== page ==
For the second time in about six weeks, a foreign financial player has entered the Canadian market. But rather than build from the ground up, the financial players, Spanish in one case and French in the other, have made their entry through the acquisition of an established player.

In mid-September, Banco Santander, S.A. announced the $298-million acquisition of TSX-listed Carfinco Financial Group Inc. Headquartered in Edmonton, but with operations in all provinces, Carfinco specializes in non-prime consumer vehicle financing. It works with more than 2,200 dealers and purchases loans made by those dealers - provided they are done according to Carfinco's standards.

At the time, Santander said the agreement signed with Carfinco "allows us to enter a market with good growth potential such as Canada, where we hope to reach agreements with other car manufacturers like those we have signed in other countries." Carfinco's shareholders will vote on the transaction next week. Santander, formed in 1857, has a similar business in the U.S. to what it is buying in Canada.

Now comes word that French-headquartered Natixis Global Asset Management plans to acquire NexGen Financial Corporation, a TSX-Venture listed money manager formed in 2005.

Natixis, which has a substantial operation in Boston, offered $7.25 a share for NexGen - a healthy premium to its recent trading price. NexGen's shareholders will vote on the transaction, which is being done by way of a plan of arrangement, later this year.

"We met them some time ago and they were looking for an entry in Canada. It seemed like a great opportunity for us, but we engaged bankers to make sure our shareholders were treated fairly," said Abe Goenka, NexGen's co-chief executive officer.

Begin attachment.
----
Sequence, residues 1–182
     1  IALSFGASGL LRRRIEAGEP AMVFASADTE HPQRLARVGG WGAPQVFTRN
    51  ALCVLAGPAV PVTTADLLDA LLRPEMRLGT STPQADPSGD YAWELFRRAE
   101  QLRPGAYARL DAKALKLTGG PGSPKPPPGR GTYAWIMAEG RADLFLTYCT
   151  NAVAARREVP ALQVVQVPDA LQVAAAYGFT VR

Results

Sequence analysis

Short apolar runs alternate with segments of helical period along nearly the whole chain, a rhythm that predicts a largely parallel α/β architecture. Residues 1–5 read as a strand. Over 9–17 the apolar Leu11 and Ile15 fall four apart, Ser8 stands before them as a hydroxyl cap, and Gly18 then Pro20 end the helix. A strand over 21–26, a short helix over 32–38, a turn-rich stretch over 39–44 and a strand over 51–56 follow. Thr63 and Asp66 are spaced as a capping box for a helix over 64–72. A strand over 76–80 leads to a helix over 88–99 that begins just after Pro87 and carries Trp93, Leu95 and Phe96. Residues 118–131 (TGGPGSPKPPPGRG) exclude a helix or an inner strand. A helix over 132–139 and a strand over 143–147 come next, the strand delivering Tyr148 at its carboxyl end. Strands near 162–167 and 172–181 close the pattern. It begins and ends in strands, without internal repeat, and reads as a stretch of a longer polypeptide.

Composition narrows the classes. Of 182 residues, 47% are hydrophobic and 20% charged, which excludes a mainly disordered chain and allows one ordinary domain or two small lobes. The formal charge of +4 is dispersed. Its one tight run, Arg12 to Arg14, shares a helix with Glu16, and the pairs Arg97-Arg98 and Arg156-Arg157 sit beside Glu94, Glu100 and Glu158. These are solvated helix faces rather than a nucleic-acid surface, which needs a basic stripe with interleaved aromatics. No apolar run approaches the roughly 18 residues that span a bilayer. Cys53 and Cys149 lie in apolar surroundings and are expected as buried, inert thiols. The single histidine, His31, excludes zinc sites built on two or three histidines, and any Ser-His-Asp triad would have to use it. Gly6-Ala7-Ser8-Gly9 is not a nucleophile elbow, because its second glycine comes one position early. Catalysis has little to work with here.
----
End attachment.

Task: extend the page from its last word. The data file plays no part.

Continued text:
Natixis, which manages more than $930-billion of client assets, said the purchase of NexGen, means it "will be better positioned to serve the market with our worldwide network of affiliated investment managers."

Indeed, part of the rationale for the acquisition is that Natixis plans to expand on NexGen's existing mutual fund platform of 30 funds. "They saw a great opportunity in the Canadian market to bring some of their top quality product here," added Goenka.

And for that it would seem well positioned. Natixis defines itself as a multi-affiliate organization that "offers a single point of access to more than 20 specialized investment firms in the U.S., Europe and Asia."

NexGen was formed by James Hunter, the former chairman and chief executive at Mackenzie Financial (now part of IG Investment Management) "to develop value added investment solutions for financial advisors and their clients." Specifically, the company focused on creating tax efficient products.

Since formation, NexGen's assets under management have grown to about $900-million. It employs eight portfolio managers, seven of whom are external. Jeff Young, the chief investment officer, is its sole internal manager. NexGen is home to 26 employees, all of whom will stay when the acquisition is complete.

Buying a mutual fund manager in Canada is part of a wider international expansion by Natixis, a unit of Groupe BPCE, France's second-largest bank.

(BPCE was formed as a result of the 2009 merger of CNCE and BFBP.) Last year it established a retail platform in the U.K and has since launched several mutual funds.